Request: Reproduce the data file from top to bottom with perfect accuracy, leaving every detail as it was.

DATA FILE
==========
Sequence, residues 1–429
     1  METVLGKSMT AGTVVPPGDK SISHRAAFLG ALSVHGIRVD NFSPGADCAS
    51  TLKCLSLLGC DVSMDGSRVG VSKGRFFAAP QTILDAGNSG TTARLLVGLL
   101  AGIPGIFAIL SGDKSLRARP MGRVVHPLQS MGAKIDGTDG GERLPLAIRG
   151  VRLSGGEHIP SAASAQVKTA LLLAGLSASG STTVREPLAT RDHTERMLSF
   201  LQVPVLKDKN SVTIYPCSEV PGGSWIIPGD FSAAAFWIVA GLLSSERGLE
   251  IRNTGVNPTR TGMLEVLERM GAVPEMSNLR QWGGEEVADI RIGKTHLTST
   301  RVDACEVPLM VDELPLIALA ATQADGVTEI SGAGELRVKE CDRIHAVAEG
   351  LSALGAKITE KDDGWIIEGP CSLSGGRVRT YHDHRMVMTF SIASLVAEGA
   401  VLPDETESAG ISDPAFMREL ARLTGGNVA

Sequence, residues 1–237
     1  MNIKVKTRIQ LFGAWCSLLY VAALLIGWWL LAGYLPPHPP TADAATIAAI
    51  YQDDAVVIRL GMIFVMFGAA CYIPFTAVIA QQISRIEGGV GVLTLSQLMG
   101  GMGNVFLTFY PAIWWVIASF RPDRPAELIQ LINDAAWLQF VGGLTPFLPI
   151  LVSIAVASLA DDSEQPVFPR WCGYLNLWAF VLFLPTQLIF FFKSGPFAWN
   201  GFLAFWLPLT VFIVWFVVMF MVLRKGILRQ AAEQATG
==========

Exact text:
Sequence, residues 1–429
     1  METVLGKSMT AGTVVPPGDK SISHRAAFLG ALSVHGIRVD NFSPGADCAS
    51  TLKCLSLLGC DVSMDGSRVG VSKGRFFAAP QTILDAGNSG TTARLLVGLL
   101  AGIPGIFAIL SGDKSLRARP MGRVVHPLQS MGAKIDGTDG GERLPLAIRG
   151  VRLSGGEHIP SAASAQVKTA LLLAGLSASG STTVREPLAT RDHTERMLSF
   201  LQVPVLKDKN SVTIYPCSEV PGGSWIIPGD FSAAAFWIVA GLLSSERGLE
   251  IRNTGVNPTR TGMLEVLERM GAVPEMSNLR QWGGEEVADI RIGKTHLTST
   301  RVDACEVPLM VDELPLIALA ATQADGVTEI SGAGELRVKE CDRIHAVAEG
   351  LSALGAKITE KDDGWIIEGP CSLSGGRVRT YHDHRMVMTF SIASLVAEGA
   401  VLPDETESAG ISDPAFMREL ARLTGGNVA

Sequence, residues 1–237
     1  MNIKVKTRIQ LFGAWCSLLY VAALLIGWWL LAGYLPPHPP TADAATIAAI
    51  YQDDAVVIRL GMIFVMFGAA CYIPFTAVIA QQISRIEGGV GVLTLSQLMG
   101  GMGNVFLTFY PAIWWVIASF RPDRPAELIQ LINDAAWLQF VGGLTPFLPI
   151  LVSIAVASLA DDSEQPVFPR WCGYLNLWAF VLFLPTQLIF FFKSGPFAWN
   201  GFLAFWLPLT VFIVWFVVMF MVLRKGILRQ AAEQATG